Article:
Me: See, this is why I have so few pictures of me holding fish. I have a blog now and a responsibility to visually represent my time on the water. I neeeeeeddddd a big fish picture!
HUCK: You want me to stop fishing when there’s big fish biting and take pictures of you? Sounds like a personal problem to me.
Me: I know….

Rebecca

{ 18 comments }

Dennis Miller aka Darth Bass

Dennis Miller aka Darth Bass

There is a dark and powerful influence out there trying to sway me to the big lure side of fishing. I’ve nicknamed this influence ”Darth Bass” because I’m certain he’s trying to convert me to the dark and warm water side of fishing. Now, in case anyone is worried, as I write this, I’m still holding strong to the fresh water world of fly fishing…I pledge allegiance to the trout………  

Darth Bass is actually Dennis Miller and he goes by the handle DTMSPINNER on twitter where the recuitment started. I would twitter something about trout and he would twitter back to me BASS, BASS, BASS. Evidence of such persuasive maneuvers can be found in his twitter stream, not to be mistaken for a trout stream………

For example: basstweet

Darth Bass didn’t stop at subliminal or blatant tweets either. I think he knew I would be a tough sell, a Luke Skywalker ambassador of the trout and fly fishing world. So he sent, via the snail mail, a package packed full of temptations and ‘whoa, what the hell do I do with these?’ that would motivate me to investigate the mysterious side of bass fishing.

Huddleston Deluxe Package of Enticement

Huddleston Deluxe Package of Enticement

Because I catch trout that are 8 inches long and one of the lures Darth Bass sent was an 8 inch long trout that looks amazingly real, I did what any trout purist would do…..I got on the phone with the only Bass Fishing Guru I know.

Terry Battisti is a bass fisherman and writer for several publications in the Bass arena. He’s also the only person I know with a bass boat, lives in Idaho and likes to talk fishing and writing at the same time with me.

When I explained my bewilderment over the lures and the attempt at bass fishing conversion by Dennis (Darth Bass) he assured me all would remain balanced in my world.

 Terry filled me in about  Huddleston Swimbaits (he likes them and has caught bass with them) and promised they were not likely, by touch alone, to possess my trout soul or corrupt my fly fishing heart, but instead might show me a new side of fishing in general. One that I might actually find fun and enjoyable…….(double gasp)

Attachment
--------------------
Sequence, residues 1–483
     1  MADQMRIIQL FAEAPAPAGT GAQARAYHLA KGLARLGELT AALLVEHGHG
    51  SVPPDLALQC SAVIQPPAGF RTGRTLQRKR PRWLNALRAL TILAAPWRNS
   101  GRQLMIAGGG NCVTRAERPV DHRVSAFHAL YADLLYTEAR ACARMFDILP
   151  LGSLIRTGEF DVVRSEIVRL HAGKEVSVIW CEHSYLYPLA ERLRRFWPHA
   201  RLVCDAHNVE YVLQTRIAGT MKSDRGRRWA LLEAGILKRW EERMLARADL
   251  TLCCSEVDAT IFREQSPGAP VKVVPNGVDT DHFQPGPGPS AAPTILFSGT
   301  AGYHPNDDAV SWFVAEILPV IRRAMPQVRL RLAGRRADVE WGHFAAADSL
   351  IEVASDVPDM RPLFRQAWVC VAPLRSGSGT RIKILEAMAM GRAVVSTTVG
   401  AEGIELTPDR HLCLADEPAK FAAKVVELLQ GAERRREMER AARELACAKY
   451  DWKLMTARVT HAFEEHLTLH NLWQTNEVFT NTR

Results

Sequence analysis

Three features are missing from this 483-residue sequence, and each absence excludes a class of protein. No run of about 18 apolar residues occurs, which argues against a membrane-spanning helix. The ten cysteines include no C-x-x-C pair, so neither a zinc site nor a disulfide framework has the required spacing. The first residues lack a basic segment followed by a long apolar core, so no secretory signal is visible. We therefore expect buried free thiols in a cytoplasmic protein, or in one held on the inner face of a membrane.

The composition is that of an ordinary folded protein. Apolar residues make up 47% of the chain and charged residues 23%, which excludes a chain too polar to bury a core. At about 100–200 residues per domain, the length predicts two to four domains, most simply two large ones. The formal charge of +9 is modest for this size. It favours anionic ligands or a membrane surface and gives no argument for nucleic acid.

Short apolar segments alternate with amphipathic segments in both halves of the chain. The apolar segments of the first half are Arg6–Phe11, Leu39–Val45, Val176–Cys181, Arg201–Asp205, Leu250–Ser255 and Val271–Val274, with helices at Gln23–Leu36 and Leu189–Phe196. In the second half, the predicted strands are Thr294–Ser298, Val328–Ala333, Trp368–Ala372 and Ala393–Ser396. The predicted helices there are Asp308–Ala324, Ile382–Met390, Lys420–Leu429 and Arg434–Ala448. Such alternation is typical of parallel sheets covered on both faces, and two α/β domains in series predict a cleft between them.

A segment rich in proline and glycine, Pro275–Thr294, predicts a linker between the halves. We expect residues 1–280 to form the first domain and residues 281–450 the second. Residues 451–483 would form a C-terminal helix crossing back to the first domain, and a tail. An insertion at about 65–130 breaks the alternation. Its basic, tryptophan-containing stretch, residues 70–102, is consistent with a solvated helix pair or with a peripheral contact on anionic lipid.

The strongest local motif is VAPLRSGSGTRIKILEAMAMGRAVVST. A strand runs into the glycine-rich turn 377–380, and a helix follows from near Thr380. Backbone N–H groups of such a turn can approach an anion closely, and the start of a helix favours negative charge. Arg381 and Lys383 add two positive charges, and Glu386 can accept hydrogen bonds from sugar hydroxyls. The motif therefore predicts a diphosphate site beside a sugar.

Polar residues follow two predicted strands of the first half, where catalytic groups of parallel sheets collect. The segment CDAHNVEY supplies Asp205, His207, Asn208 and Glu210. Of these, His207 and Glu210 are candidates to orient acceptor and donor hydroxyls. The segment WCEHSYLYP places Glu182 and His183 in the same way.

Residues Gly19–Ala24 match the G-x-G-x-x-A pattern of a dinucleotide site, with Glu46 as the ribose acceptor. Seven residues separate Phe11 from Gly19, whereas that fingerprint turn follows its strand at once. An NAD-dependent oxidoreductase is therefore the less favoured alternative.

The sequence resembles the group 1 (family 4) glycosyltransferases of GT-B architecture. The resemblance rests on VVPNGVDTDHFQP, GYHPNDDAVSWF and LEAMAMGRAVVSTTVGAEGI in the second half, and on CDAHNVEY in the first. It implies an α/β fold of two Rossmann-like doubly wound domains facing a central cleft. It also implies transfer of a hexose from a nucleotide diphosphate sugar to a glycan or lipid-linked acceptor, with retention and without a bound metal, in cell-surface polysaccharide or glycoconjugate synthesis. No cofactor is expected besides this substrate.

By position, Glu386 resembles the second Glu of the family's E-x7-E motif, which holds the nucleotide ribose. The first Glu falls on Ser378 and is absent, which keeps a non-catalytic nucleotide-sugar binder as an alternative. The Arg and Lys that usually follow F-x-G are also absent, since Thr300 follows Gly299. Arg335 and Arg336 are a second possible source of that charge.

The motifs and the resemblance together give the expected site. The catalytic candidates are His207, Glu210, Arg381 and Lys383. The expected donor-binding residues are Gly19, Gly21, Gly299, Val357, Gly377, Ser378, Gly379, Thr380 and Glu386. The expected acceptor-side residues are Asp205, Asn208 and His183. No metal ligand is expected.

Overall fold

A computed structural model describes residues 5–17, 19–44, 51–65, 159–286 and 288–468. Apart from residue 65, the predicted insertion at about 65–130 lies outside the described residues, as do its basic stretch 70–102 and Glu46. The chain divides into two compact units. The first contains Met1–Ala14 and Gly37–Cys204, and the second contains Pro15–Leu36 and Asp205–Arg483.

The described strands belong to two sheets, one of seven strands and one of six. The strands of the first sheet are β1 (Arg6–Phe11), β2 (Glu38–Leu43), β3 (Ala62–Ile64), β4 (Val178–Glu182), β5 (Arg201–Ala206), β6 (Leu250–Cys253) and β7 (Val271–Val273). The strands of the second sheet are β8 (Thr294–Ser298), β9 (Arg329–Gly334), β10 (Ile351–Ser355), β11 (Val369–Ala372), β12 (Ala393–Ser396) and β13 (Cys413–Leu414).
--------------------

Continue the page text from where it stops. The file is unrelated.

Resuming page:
So plans are now made. Rebecca, the fly fishing, trout loving disciple will be going bass fishing with my new Huddleston Swimbaits (<~~link to their website) come April or May with Terry as my bass guide. I’ll go ahead and admit this now ~ Damnit Darth Bass, I think you got me, I’m excited to go Bass fishing now! Someone help me….

In the meantime, I did ask Terry one final and important question.

Me: “Umm, Terry, Dennis also sent me a Huddleston Shirt. I’m sure the symbol on the front is like the dark mark for bass fishing or something, but I really like the shirt. Do you think it would be blasphemy if I wore a Bass shirt while fly fishing for trout?”
Terry (laughing): “I have no doubt you could get away with it.”
Me: “Ok, good. I don’t want a pack of fly fisherman or bass fisherman after me for fuzzin up the lines.”

Rebecca

 

{ 25 comments }

Guest Post: Salmon Fishing Showdown

by Rebecca on November 16, 2009

in Salmon Fishing

~”Salmon Fishing Showdown” is written by my 14 year old daughter Kaitlyn. Enjoy!~

~Kaitlyn Fish On~

~Kaitlyn Fish On~

This was my first time salmon fishing. Robert and my Mom, Rebecca, kept chuckling when they looked at me, for I hadn’t stopped grinning since the moment they told me we were going salmon fishing.

I was imagining a leisurely fishing trip with the family, but I had no idea what was to come. All I knew, as I headed far into the mountains of Idaho, was that salmon fishing wasn’t going to be like fly fishing for trout, or sturgeon, crappie, blue gills, or any fish I have fished before.

Getting there felt like an eternity, I had to ask, “So, just how far back in the mountains is this place?” Robert, seemingly unsurprised by me asking that, simply answered, “Only about 40 miles more. It just seems longer because you have to go unreasonably slow on these mountainous roads.”  We finally got there and the first thing I asked was  “So, when are we gonna go fishing?”  “After we unpack,” they answered in unison.

“Ugh,” the sound escaped my mouth before I could stop it, resulting in me earning two glares. I hate unpacking, I would absolutely love trips if there wasn’t the whole packing and unpacking part. Thankfully it didn’t take too long.